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Tamamonoの表紙画像

FAMILY

Tamamono

[Godsend]

By Koike Masayo

Kōdansha, 2014. 192 pp. ¥1,700. ISBN 978-4-06-218969-9.

Also published in: n/a

One day, when the narrator was in her early forties, an old childhood friend and former lover appeared on her doorstep with a baby in his arms. He begged her to take care of the baby, whose mother had been killed in a traffic accident. He promised to come back to collect the child one day. Ten years later, the woman looks back over the time she has spent bringing up the baby boy alone. When responsibility for a fragile life is suddenly thrust upon a person one day, what can that person do but cherish that life?

    This simple truth about child-rearing is presented in unshakable terms. The fact that there is no blood relationship between the woman and her son only brings the nobility of the connection between mother and child into clearer focus. The overwhelming feelings associated with treasured children are one of the oldest themes of Japanese literature, as seen in the verse “there is no jewel more precious than a child” from the Man’yōshū collection of fourth- to eighth-century poetry.

    The novel also depicts the fragility and loneliness of this maternal relationship. The awareness that her child will one day be taken from her makes the sight of her healthy boy even more precious. The author, also known as a poet, captures in lively prose the deep emotions that can come from living with a child. As Japanese society struggles with the consequences of a dwindling birthrate, this book serves as a timely reminder of the special joy that children can bring. (NK)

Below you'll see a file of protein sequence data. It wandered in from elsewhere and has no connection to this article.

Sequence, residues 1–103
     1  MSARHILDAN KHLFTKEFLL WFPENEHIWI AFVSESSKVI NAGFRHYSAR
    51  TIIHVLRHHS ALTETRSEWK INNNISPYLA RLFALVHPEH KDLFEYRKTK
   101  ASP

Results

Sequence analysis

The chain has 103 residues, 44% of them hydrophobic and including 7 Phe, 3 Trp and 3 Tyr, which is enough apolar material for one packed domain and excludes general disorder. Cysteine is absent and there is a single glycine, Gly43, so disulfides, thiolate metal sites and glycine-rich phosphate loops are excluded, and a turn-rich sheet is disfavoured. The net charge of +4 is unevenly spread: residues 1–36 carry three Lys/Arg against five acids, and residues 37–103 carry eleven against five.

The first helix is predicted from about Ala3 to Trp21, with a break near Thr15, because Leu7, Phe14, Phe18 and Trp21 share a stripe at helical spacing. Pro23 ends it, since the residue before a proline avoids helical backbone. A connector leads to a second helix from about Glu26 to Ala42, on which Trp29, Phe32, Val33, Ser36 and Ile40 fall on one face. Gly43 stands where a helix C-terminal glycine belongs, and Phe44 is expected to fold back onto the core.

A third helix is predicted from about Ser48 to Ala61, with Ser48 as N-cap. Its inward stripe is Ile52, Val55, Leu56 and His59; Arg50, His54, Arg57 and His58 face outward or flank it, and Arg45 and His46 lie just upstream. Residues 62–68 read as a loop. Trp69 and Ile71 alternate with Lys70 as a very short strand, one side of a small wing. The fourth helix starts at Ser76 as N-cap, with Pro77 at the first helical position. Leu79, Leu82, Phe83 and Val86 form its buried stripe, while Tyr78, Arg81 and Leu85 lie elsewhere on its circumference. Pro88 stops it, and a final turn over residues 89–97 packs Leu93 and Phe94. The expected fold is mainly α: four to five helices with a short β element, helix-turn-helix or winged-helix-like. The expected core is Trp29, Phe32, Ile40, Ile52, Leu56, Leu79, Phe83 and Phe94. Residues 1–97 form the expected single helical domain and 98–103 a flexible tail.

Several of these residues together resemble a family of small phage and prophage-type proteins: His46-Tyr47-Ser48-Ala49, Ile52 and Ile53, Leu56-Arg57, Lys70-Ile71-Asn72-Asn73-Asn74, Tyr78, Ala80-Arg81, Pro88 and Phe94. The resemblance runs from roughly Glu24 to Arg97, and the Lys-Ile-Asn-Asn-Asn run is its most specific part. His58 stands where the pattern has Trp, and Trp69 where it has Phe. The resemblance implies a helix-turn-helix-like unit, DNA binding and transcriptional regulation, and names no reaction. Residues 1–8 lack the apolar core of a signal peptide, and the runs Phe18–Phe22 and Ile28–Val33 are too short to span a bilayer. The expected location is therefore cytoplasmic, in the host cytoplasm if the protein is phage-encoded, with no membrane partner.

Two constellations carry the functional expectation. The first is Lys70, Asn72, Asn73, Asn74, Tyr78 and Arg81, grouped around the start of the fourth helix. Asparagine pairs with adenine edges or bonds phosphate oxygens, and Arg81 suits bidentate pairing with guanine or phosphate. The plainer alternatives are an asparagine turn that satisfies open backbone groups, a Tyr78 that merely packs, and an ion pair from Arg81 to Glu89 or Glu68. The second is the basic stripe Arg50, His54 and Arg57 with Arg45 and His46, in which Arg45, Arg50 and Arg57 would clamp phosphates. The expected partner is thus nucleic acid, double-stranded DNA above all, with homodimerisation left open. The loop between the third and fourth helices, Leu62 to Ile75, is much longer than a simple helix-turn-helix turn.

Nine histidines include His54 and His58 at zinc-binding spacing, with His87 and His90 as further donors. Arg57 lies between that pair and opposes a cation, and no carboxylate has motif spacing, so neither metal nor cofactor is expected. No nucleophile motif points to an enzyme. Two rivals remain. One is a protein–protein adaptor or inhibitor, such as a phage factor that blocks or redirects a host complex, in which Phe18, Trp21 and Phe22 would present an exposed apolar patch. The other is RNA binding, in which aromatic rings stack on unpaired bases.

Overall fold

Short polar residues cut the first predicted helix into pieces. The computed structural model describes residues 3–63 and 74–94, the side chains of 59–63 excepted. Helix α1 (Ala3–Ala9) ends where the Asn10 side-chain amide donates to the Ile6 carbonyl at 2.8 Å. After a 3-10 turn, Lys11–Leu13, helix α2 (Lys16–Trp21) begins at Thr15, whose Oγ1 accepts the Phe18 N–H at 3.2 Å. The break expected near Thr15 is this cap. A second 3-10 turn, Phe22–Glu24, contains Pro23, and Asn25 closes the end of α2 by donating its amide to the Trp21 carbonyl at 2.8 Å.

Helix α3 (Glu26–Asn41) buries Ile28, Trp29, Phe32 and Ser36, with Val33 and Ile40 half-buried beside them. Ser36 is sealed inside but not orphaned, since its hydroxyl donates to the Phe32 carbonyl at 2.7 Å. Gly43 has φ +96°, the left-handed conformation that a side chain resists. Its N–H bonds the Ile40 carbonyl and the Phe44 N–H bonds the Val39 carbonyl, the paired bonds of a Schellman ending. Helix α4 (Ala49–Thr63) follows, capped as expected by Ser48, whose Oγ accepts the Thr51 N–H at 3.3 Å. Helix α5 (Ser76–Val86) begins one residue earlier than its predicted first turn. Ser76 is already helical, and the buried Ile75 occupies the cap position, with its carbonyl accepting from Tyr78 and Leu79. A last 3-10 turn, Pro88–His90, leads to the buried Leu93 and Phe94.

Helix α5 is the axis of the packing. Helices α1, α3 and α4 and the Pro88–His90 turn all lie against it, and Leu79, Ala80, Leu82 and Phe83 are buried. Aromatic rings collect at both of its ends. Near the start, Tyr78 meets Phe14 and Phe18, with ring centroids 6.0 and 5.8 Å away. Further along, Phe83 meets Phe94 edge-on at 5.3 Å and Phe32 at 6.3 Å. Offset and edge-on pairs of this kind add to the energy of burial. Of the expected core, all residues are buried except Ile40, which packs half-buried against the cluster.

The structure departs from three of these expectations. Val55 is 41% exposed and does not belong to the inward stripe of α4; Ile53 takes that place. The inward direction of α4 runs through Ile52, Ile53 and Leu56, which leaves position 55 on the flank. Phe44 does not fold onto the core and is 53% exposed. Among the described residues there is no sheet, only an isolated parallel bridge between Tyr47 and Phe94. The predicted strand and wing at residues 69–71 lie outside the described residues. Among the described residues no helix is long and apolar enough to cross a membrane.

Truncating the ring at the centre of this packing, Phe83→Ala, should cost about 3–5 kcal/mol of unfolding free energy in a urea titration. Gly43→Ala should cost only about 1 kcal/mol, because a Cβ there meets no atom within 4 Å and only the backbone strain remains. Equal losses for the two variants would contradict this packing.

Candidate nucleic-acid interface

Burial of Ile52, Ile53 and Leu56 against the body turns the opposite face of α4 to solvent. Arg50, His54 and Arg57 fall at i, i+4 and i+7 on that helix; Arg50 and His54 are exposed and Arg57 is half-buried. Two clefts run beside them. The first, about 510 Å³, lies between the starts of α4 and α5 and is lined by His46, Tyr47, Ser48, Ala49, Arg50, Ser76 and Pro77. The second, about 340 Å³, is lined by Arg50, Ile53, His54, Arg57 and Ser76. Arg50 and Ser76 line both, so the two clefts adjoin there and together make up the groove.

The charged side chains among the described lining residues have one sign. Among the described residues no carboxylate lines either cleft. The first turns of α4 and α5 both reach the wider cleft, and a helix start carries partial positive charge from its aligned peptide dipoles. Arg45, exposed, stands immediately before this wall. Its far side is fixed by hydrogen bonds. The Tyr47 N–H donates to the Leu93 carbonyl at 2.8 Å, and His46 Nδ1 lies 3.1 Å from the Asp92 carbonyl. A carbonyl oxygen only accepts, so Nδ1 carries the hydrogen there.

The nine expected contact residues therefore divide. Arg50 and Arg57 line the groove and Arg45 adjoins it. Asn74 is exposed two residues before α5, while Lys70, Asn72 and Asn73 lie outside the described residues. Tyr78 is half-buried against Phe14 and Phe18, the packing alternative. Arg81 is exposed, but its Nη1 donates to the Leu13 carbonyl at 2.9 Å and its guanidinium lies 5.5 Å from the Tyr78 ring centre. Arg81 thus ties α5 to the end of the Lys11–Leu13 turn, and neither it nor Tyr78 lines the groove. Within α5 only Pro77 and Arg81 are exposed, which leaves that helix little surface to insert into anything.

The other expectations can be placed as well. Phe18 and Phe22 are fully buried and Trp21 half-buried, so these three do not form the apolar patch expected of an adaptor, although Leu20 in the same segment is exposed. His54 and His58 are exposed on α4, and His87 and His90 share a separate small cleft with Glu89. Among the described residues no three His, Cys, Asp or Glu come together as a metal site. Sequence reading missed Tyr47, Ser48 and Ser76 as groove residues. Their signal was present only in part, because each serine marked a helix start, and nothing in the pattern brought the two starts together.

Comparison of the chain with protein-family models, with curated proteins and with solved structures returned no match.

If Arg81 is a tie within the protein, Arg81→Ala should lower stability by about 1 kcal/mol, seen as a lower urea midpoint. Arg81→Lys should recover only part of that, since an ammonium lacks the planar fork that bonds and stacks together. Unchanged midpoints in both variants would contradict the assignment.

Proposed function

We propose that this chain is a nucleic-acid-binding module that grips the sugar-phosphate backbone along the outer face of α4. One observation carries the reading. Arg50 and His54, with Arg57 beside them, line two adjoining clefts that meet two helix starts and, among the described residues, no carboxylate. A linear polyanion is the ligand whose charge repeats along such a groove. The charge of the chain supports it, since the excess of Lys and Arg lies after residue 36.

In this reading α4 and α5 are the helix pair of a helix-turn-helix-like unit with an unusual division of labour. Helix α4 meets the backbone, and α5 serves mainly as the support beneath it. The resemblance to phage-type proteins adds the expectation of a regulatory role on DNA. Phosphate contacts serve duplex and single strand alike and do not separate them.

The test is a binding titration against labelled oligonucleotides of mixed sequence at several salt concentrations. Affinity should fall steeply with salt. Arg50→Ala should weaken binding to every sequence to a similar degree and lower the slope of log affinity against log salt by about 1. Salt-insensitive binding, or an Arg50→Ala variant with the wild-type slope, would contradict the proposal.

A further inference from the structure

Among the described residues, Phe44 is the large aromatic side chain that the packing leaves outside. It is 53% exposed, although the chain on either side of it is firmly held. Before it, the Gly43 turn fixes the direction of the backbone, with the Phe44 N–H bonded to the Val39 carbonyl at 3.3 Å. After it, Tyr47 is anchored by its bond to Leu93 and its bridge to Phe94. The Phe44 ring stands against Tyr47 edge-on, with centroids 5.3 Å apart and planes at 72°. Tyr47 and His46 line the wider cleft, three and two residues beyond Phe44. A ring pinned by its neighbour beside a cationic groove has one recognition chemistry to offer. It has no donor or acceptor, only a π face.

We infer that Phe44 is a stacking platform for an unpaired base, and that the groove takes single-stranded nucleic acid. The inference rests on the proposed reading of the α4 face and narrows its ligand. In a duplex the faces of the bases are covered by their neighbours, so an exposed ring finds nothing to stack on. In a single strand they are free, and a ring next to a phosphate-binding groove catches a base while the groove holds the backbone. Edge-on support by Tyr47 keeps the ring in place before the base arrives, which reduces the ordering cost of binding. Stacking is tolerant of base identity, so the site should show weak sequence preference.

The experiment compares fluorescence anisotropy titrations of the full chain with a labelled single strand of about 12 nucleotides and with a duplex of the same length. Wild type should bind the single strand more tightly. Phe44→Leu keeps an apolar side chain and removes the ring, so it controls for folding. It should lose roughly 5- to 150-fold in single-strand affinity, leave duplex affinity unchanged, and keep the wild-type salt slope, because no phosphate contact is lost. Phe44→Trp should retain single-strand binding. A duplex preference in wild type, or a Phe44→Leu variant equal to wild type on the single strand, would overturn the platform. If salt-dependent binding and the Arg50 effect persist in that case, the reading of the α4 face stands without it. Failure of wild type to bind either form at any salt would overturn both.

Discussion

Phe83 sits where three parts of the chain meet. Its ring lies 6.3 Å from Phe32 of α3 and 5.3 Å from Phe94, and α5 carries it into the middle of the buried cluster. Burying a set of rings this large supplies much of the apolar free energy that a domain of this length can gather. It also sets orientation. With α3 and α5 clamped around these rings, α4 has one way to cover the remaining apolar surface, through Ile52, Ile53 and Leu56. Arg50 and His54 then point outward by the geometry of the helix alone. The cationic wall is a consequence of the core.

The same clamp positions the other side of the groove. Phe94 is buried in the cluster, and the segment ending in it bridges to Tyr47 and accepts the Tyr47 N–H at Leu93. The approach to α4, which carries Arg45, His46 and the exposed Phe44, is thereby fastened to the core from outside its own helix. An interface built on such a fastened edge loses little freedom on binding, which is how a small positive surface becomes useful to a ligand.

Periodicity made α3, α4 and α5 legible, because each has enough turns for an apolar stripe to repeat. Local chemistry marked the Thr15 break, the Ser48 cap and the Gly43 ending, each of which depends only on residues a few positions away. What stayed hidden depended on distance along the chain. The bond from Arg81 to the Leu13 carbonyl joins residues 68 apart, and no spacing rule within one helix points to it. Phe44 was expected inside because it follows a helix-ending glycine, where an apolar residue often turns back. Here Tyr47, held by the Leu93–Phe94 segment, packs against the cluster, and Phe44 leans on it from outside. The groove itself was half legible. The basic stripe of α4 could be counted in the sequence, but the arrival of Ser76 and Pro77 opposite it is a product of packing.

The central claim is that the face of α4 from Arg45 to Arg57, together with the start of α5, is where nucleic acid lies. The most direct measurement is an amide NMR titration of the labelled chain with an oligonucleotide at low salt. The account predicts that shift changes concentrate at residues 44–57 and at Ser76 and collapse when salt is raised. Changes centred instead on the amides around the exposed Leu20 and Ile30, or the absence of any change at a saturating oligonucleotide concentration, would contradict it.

Tamamonoの表紙画像

By Koike Masayo

Koike Masayo

Born in Tokyo in 1959. Poet and novelist. Won the Takami Jun Prize in 2000 for Mottomo kannōteki na heya [The Most Sensuous Room], the Kōdansha Essay Award in 2001 for Okujō e no yūwaku [An Invitation to the Rooftop], the Kawabata Yasunari Literature Prize in 2007 for “Tatado,” the Ono Tōzaburō Prize in 2008 for Baba, Basara, Saraba, the Hagiwara Sakutarō Prize in 2010 for Korukata [Kolkata], and the Izumi Kyōka Prize for Literature in 2014 for Tamamono.

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